Digging for Words

One writer's quest to bring the past to life through imagination


Don’t Quit Your Day Job

None of us can deny that day jobs eat up valuable time for writing. We accept but resent them, knowing that bills do pile up and, unless we are fortunate recipients of the largess of a trust fund, inheritance or a well-padded spouse, most of us have little choice but to forfeit some portion of our soul’s calling to fulfill the need for shelter, clothing and food.
Don't Quit Your Day Job
Many writers, especially those young or idealistic enough to believe we will one day “break out”, take on (intentionally or otherwise) dull jobs that eat our souls, but supposedly keep our minds clear for our literary vocation.

I spent years as one of those naive hopefuls, accepting underemployment as a logical consequence of a life dedicated to the pursuit of art. Besides, I was used to it. Having started as a professional dancer and then an actor, it wasn’t much of an adjustment to carry over the sacrifice-for-art theme into my underemployment as an aspiring novelist.

I had already worked as a waiter, a make-up artist, and one of those annoying people who squirt perfume in your face when you walk through Macy’s. I honestly found some comfort when I finally discovered that I could work as a temp, filling empty desk space to answer phones and type memos at corporate offices all over New York City.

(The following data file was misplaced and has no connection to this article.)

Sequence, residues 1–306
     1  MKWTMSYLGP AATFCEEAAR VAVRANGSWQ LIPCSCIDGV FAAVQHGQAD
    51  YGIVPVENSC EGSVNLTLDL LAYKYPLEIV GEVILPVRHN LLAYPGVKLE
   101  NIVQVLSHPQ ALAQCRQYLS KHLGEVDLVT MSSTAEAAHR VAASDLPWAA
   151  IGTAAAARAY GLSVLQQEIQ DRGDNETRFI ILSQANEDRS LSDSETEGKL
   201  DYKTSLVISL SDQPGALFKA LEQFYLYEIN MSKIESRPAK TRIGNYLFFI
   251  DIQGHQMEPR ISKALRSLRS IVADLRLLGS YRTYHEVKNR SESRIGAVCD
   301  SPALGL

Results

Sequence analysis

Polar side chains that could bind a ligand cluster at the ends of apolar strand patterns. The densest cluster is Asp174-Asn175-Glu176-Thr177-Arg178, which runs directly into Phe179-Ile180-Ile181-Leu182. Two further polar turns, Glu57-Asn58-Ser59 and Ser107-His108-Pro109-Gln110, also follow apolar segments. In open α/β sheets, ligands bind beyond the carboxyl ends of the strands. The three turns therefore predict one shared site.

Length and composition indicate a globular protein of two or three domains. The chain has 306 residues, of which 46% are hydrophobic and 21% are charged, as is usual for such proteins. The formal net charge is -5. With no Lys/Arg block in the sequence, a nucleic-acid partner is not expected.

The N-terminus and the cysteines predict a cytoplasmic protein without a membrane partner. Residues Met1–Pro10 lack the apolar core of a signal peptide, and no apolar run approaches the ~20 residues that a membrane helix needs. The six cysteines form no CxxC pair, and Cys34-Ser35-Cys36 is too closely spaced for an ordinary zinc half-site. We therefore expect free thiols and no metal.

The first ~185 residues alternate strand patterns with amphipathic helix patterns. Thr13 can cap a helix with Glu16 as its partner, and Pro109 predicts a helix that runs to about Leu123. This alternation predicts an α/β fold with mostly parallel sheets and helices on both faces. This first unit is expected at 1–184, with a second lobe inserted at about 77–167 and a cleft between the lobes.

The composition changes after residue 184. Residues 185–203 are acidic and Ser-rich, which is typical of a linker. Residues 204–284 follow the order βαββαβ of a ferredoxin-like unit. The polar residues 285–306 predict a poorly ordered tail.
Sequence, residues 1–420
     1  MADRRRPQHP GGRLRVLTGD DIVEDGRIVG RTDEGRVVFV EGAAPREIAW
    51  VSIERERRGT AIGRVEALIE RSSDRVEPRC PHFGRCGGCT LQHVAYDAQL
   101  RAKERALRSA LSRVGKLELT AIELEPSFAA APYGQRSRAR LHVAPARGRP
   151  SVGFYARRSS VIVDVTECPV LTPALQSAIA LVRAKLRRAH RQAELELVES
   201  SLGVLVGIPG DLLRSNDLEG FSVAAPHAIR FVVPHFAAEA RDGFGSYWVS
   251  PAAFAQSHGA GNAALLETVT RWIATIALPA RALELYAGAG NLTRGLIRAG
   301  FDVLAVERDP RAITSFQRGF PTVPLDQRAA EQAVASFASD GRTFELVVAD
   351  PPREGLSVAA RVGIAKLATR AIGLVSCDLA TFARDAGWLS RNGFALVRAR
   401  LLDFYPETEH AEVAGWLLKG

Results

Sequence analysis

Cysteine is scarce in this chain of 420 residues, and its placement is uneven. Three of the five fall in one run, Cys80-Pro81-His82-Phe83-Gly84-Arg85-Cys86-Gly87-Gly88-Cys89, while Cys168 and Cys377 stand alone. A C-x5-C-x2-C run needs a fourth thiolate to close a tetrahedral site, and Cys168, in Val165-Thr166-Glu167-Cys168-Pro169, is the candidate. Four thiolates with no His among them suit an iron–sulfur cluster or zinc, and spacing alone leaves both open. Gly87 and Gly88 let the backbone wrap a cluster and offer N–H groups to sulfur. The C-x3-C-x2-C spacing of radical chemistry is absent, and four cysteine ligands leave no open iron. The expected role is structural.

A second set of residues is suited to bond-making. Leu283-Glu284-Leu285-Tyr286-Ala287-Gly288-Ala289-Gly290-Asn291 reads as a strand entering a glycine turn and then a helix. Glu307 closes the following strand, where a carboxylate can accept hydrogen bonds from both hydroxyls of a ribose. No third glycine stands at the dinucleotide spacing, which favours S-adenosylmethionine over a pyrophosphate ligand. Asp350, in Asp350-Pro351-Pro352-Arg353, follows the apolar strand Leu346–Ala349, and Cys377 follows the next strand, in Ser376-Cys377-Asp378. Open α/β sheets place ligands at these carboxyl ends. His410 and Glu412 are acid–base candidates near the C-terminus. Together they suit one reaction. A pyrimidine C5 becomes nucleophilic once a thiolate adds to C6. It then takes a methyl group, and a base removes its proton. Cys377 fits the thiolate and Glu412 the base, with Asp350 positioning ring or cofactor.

In fact, I turned to writing in part because of those very dull days when there were no memos and all those stiff business suits were stuffed into a conference room down the hall. In those spare, odd hours when I was required to “look busy”, I turned to the voices whispering in my head. I started writing stories, poems, scenes from plays that would never be produced. Most of them were terrible. (Trust me, I still have a draft or two in boxes in my basement.) But they reminded me that I actually enjoyed playing with words and, in contrast to being the interpreter of someone else’s choreography or script, I enjoyed being the master of my own creation. When one of those stories grew too long and complicated to be stopped, I followed it down the path to becoming my first (and thankfully unpublished) novel.

Whether writing is our original passion or something that comes to us by accident, the way we spend our time deeply influences our work. “You are what you do,” says author Winston Groom (of Forrest Gump fame) in a recent NPR interview about a new collection of essays, Don’t Quit Your Day Job. “Experience in life is informed by all the things that you do, and work is most of it.”

The longest and worst of my day jobs was a soul-crushing stint as a legal secretary in a corporate law firm. That job inspired the theme of slavery at the core of The Thrall’s Tale. Why I accepted this torture for eight – yes EIGHT – long years is, at this point, completely beyond me.

But then I remember how it all began – how I used to write fiction between memos and briefs. I was an incredibly fast typist, motivated by my desire to get back to my own work; so they kept me on and paid me reasonably well. Yet I was plagued by paranoia that I’d be discovered and fired, and by certain co-workers who clearly resented that I wasn’t “one of the gals”. All this fed the drama that was growing in the password-protected document that was my manuscript. Read the first chapter of Thrall and you’ll see just a touch of how it all got intertwined.